The luxury beverage, which costs around $80 a cup, uses beans that have been eaten, digested, and expelled by the musky animals, which look a bit like a cross between a cat and a mongoose and live mostly in southeast Asia. This process makes the coffee less acidic and gives it a unique flavor profile.
Supposedly. I wouldn't know, because I can't afford civet poop.
These poor civets have had a rough time of it: In addition to producing tasty and highly sought after coffee in their guts, they also make a musk that's quite the commodity in the perfume world. Unsurprisingly, that means a lot of the creatures are raised in factory-farm-like conditions. In many cases, civets are force-fed an unhealthy diet made up almost entirely of coffee beans.
But how to get that civet-esque taste without harming any civets, now that demand is too high to just traipse around looking for naturally digested beans? Simple: Just try to digest the coffee in a lab.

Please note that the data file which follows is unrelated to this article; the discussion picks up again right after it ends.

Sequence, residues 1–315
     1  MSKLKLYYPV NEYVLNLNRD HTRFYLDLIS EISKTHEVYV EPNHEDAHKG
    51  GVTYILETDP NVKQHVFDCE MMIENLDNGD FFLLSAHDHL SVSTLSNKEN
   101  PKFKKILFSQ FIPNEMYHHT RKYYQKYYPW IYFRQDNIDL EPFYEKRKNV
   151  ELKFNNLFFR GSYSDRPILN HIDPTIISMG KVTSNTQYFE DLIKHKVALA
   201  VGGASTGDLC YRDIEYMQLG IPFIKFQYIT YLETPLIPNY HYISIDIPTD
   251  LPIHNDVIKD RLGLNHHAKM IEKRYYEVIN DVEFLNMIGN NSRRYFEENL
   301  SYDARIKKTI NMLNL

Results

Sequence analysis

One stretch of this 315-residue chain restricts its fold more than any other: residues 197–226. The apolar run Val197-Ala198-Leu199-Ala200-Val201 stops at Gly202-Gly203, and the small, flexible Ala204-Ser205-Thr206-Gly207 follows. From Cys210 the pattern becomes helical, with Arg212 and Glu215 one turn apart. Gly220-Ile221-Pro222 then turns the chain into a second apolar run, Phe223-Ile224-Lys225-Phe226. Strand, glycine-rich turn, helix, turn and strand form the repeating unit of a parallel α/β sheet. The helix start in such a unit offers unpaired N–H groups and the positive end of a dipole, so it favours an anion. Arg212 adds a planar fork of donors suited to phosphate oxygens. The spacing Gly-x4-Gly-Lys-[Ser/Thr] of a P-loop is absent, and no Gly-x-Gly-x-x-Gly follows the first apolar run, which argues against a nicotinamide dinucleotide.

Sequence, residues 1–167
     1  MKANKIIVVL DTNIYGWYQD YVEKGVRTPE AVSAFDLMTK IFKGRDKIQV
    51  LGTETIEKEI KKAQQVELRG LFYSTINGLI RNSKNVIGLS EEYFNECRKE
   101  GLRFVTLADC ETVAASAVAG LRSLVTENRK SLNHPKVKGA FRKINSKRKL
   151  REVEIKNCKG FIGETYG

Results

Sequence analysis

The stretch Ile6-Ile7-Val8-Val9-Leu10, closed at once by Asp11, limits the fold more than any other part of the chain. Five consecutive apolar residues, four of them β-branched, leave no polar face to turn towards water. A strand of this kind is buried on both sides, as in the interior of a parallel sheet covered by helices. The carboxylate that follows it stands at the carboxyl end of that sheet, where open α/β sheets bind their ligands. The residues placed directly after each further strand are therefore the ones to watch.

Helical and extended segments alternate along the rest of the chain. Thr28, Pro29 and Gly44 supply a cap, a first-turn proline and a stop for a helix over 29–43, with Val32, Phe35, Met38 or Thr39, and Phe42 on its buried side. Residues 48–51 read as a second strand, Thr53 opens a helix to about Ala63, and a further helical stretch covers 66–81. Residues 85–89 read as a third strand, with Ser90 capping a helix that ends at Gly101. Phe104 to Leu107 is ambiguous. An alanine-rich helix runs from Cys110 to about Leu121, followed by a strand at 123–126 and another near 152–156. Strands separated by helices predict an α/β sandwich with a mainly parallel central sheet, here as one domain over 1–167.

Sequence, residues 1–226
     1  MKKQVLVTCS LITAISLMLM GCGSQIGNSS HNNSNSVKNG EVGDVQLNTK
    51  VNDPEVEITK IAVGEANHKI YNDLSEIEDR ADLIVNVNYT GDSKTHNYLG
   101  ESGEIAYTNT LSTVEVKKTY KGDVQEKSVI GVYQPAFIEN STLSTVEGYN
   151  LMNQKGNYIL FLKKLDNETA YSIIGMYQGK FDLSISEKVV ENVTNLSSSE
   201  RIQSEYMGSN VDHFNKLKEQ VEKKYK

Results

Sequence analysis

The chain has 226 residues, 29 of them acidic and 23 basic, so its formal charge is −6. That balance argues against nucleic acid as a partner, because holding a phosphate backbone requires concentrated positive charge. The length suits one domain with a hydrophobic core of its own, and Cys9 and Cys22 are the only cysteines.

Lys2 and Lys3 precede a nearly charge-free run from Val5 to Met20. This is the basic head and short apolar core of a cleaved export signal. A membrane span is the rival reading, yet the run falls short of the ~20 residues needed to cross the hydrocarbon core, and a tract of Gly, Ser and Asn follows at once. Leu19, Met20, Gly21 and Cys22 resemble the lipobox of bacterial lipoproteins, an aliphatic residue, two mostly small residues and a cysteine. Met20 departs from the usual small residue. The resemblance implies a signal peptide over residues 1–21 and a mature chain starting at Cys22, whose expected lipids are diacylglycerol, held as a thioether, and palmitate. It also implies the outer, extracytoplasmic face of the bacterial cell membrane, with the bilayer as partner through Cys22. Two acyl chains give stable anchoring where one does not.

Co-founder Camille Delebecque, a synthetic biologist, is keeping mum on which microbes he and food scientist Sophie Deterre are using to replicate a civet gut. But while they haven't taken the microbes directly from a civet -- or even tried to copy exactly what goes on in the gut flora of the animal -- they're using bacteria to ferment the beans in a way that mimics the taste of the delicacy. And in theory, producers of coffee could use different cocktails of bacteria to change bean taste in all sorts of ways.
Read more (including some feedback from a taste test) at Wired.